A businessman from High Wycombe is facing 37 years in a Qatar prison for issuing cheques that bounced, on behalf of the company he worked for.

Jonathan Nash, former CEO at Top House in Qatar, says he is the victim of an internal power struggle at the company, and that he has been used as a “fall-guy” for the liquidation of the company’s assets.

Mr Nash wrote a number of cheques on behalf of the business, which provides technical, commercial and management services to the local construction industry, to clients and suppliers, which were reportedly blocked by the firm following an alleged internal disagreement.

He found himself personally liable and facing the rest of his life in prison.

He added that a “campaign of lies and rumours” damaged his business reputation to the extent that a number of his clients and suppliers “lost confidence” in him and decided to cash cheques he had written in a rush to get their money.

But because of the reported internal disagreement, the funds were not available from their business accounts to cover the cheques, with Mr Nash now being held responsible.

He was arrested and jailed in March 2015.

The father-of-two’s desperate family are now publicising his plight in the hope that “compassion and sensibility will overturn this cruel and unusual sentence”, and Mr Nash has told supporters that his business partner are divvying up his stake in the business.

His mother Jennie said: “This is every mother’s worst nightmare. We all think it will never happen to us – when it does it is a real shock.

“Jonathan’s detention and heavy prison sentence have left us all reeling, we feel so helpless and we are really concerned for his well-being and safety.”

Speaking from prison, Mr Nash says he believes Top House assets, including cars and office furniture are being sold off and that the funds have disappeared.

His ex-wife Bev said: “Life has been very hard for me and our two children. It has affected my health with stress and anxiety.

“Our children have been very brave during this period, especially our daughter. Sadly for both children they have lived several of their young years without the love and support of a father.”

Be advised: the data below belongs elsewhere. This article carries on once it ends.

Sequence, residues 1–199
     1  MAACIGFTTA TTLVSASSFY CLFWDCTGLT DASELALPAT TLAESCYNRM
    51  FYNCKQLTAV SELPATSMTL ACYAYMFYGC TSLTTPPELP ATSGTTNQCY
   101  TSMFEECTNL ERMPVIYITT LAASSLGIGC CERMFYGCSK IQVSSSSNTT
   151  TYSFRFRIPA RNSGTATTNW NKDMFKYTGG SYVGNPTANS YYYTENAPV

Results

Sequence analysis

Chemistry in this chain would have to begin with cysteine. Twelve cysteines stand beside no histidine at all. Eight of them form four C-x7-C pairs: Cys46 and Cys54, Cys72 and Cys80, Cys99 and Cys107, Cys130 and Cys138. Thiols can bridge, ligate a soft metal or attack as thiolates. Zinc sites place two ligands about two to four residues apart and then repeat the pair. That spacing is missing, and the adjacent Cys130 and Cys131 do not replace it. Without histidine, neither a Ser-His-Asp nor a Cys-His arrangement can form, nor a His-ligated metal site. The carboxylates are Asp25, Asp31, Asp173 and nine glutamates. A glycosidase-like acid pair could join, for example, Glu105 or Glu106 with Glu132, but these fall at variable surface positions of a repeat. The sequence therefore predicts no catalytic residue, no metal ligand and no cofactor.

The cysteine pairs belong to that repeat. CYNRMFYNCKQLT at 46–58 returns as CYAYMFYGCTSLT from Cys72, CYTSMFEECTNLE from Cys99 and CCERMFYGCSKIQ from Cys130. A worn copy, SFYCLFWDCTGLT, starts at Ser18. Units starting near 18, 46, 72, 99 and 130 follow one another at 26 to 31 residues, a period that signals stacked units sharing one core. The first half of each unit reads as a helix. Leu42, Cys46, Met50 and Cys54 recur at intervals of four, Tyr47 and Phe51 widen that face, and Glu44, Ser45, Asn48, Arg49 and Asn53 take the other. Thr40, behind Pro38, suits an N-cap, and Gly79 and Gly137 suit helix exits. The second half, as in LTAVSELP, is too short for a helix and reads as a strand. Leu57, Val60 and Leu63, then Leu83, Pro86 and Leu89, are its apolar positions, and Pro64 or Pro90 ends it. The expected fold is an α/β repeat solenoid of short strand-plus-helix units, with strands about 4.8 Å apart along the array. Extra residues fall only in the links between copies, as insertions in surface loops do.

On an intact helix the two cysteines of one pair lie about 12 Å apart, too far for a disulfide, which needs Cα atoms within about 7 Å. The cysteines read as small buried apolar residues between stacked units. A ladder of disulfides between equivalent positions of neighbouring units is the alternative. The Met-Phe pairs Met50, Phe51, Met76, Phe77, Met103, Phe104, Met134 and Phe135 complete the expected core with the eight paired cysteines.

Mr Nash said as CEO it was normal practice to write advance cheques as assurance of payment to clients and suppliers.

Daughter Katie, 17, added: “My Dad has missed some important times in my life, for example my GCSE years and results, my prom and other special times.

“I haven’t hugged my Dad in over three years.

I miss my Dad so much, he has missed a massive part of my life by not being here with me.

“My Dad and I were so close, last time I saw him I was 13 years old, I’m now 17 years old. I just want him home as soon as possible.”

Campaign group Detained in Dubai, which is providing legal support to Mr Nash, said that the shock felt by him and his family at the prospect of him spending the rest of his life in prison was “immense”.

CEO and founder Radha Stirling said: “Holding an individual personally responsible for such large amounts of corporate debt is not a standard the international business community follows, and certainly a 37 year prison sentence in such a case is beyond all norms.

“Business practice in the Qatar must be reformed to bring it in line with international standards. The cheque system used in the Qatar is antiquated and as many find to their cost, open to fraud even by those with good business reputations.

“In most countries, if someone is innocent they’d have a chance to prove it in court. But because this is Qatar, Jonathan has not been allowed to defend himself or present evidence in his own favour, as he would have been if he had been at home in the UK.”